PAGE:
The Trade Union Congress of Nigeria (TUC), a central labour organisation opposed to the deregulation of the downstream sectorÂ to , name and bring to book those who manipulated, abuse and illegally benefitted from the fuel import subsidy before embarking on its planned total deregulation of the downstream sector of the Petroleum industry.Â This story is an edited version of the TUC statement
TUC in a statement by its President-General, Comrade Peter Esele,Â punctured the governmentâ€™s subsidy claims and posited that officials of governmentÂ have perfected the art to rob the poor masses to pay the fat cat importers in the name of subsidy while at the same time driving manufacturers away from Nigeria to neighbouring countries with the high cost of personal power generation while we export jobs and increaseÂ the unemployment queues in leap and bounds.
According to the statement: â€œWe haveÂ proved over and over again that we are a nation that doesÂ not plan for tomorrow. Since 1990, the Nigeria economy has expanded and the population has grown, but it is now clear to all discerning observers that our successive governments have failed to plan for our future. They have failed to create the infrastructural growth commensurate with our population growth. It has been said that those who fail to plan, are planning to fail.
Our governments, since 1990 did not build roads, they did not build schools, they did not build hospitals, they did not build our infrastructural base to support the growing population and ensure a reasonable quality of life for the people.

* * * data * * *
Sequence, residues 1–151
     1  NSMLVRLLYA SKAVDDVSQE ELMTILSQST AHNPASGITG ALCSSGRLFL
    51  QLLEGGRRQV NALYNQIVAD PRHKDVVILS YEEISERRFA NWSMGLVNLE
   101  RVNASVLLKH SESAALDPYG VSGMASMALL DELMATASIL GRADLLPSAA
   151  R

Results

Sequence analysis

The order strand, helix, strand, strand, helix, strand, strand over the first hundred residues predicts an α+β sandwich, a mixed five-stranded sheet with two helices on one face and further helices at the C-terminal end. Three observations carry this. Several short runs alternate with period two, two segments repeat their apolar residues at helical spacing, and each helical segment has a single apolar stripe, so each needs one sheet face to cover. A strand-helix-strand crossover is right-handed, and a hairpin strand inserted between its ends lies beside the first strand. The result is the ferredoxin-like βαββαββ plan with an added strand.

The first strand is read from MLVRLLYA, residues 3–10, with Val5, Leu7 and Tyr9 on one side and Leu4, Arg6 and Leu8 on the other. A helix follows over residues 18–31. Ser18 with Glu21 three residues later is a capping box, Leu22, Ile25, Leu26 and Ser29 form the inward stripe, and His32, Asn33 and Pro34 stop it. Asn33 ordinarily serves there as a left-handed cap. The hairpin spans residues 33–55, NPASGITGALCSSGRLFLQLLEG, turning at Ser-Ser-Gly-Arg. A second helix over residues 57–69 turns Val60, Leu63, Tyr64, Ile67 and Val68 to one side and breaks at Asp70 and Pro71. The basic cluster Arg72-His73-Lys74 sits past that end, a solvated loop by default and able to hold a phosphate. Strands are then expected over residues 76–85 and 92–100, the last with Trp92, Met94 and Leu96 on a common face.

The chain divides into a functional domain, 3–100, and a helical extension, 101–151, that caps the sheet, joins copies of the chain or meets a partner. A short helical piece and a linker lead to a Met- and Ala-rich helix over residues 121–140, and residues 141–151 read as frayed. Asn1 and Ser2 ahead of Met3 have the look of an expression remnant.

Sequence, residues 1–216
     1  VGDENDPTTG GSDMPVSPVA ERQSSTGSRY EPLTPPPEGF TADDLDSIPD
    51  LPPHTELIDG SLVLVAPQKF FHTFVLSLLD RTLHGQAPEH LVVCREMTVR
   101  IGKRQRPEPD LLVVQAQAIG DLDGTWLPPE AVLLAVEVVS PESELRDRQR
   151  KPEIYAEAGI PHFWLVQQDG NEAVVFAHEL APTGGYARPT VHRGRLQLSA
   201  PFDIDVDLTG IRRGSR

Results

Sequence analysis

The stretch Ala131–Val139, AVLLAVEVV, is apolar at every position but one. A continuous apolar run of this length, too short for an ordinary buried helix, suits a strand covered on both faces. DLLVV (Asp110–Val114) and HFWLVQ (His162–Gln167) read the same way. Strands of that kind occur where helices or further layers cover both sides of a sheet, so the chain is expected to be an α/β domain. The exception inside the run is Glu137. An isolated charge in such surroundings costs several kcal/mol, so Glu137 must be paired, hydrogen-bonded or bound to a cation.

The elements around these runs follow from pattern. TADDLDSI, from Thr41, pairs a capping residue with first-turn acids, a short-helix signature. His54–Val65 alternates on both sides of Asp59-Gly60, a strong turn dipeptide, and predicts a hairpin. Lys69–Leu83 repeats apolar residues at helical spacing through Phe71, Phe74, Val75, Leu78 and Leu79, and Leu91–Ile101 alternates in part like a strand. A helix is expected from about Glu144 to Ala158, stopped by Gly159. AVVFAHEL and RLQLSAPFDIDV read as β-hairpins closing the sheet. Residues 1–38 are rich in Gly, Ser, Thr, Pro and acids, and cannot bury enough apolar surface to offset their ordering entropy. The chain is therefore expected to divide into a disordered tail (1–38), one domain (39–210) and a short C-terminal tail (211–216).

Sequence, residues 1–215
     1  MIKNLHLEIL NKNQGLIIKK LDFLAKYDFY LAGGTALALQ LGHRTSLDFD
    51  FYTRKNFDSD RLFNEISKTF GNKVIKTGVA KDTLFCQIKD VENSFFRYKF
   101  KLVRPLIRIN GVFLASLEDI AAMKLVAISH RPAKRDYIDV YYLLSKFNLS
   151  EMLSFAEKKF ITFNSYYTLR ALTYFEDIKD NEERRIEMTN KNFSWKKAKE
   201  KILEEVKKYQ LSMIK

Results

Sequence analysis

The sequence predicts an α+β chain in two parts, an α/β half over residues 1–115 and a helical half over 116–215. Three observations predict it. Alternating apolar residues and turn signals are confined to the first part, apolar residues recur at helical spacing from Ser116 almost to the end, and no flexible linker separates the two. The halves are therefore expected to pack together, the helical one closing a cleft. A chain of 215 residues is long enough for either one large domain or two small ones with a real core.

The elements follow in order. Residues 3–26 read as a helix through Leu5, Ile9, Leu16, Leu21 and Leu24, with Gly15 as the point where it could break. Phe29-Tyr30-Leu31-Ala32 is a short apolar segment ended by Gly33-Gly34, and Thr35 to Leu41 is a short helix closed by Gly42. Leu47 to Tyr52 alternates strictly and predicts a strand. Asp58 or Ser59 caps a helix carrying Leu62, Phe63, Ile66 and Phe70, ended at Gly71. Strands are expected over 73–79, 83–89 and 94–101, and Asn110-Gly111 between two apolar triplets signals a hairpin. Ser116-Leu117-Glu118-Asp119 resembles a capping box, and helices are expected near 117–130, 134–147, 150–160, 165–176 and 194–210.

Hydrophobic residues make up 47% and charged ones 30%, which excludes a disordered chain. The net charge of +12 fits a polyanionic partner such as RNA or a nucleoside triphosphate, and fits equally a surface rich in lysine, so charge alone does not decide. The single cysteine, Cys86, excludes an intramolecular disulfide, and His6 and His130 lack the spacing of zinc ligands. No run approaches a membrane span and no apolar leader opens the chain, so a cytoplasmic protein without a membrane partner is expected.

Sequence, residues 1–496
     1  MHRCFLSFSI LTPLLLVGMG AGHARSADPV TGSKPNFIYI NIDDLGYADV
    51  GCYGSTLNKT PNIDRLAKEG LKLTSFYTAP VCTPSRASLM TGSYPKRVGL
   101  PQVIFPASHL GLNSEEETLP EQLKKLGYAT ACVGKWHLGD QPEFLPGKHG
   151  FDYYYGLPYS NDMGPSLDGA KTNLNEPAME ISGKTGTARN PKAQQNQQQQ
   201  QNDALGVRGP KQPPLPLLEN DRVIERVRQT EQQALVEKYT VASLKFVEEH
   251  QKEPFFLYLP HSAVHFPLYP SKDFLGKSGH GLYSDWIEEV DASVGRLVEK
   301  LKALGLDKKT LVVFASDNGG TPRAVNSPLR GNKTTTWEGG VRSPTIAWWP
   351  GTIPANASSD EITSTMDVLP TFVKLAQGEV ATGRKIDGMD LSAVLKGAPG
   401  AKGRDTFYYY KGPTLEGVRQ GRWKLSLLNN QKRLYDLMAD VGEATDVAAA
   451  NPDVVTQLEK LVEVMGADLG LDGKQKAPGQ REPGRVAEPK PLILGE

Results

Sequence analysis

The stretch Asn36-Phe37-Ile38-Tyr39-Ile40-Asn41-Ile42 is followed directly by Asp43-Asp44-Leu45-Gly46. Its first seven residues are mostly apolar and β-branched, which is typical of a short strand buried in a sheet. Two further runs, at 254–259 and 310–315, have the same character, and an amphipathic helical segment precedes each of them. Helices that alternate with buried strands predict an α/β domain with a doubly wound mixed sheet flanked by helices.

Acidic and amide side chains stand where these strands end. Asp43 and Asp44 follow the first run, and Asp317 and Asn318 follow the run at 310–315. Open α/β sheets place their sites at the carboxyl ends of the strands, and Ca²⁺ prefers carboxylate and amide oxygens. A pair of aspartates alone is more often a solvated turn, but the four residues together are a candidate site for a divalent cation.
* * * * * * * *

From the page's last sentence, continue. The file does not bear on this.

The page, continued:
No where is this failure to plan more evident than the energy sector. In the absence of new power plants and the epileptic performance of the old plants, Nigerians are now living with candles and kerosene lanterns, a throw back to the dark ages. Again, despite the rising demand for petroleum products over th
e years, no new refineries were built whilst the existing four refineries were left to suffer an extensive decline in performance, and have therefore not been able to meet demand for products for some time.Â In the
circumstance, the country has chosen, by default, the relativelyÂ expensive option of importing refined products. However, in choosing this option, no serious attempt has been made to substantially upgrade
the facilities at the ports for the reception of such imports.â€
What govt pays as subsidy
â€œFor example, current import reception facilities in the country wereÂ never designed for the level of product imports that are needed to meet well over 90% of the countryâ€™s petroleum product demand.Â The facilities are overwhelmed and the delays in vessel product discharge at the import jetties result in heavy demurrage payments. The shallowness of the Jetties means that products have to be removed from big vessels by small ones to the depots (littering).
All these mean a high landed cost per litre of each product consumed and an extensive outflow of scarce foreign exchange not to mention the now regular product shortages in the country when there is a small hiccup in the importation process.
Why should a country so well endowed choose the difficult and wasteful route when there is a simpler and better way to comfort, I weep for my country.Â To make matters worse, government continues to argue that the petroleum products that we consume are heavily subsidised. According to government, subsidy payment applies when the Landing cost of a petroleum product based on the import parity is in excess of the approved Petroleum Product Price Regulatory Agency (PPPRA) ex-depot price for the product.
According to government statistics, the annual amount spent on petroleum product subsidy is now almost twice the Federal Government capital expenditure. According to government statistics, in three years, 2006 to 2008 government payments to NNPC and other marketers importing petroleum products was estimated to be over N1.173 trillion. Painful as this is, it is only half of the story.â€
â€œThe other half of the story is that a substantial part of this payment is a subsidy of inefficiency, fraud and corruption. We subsidise inefficiency and corruption when the PPPRA pricing template is not based on the cost of the importer that is ready to offer the consumer best price. We subsidise corruption when we cannot procure products for importation from international refinery gate instead of relying on spot market and greedy trading middlemen.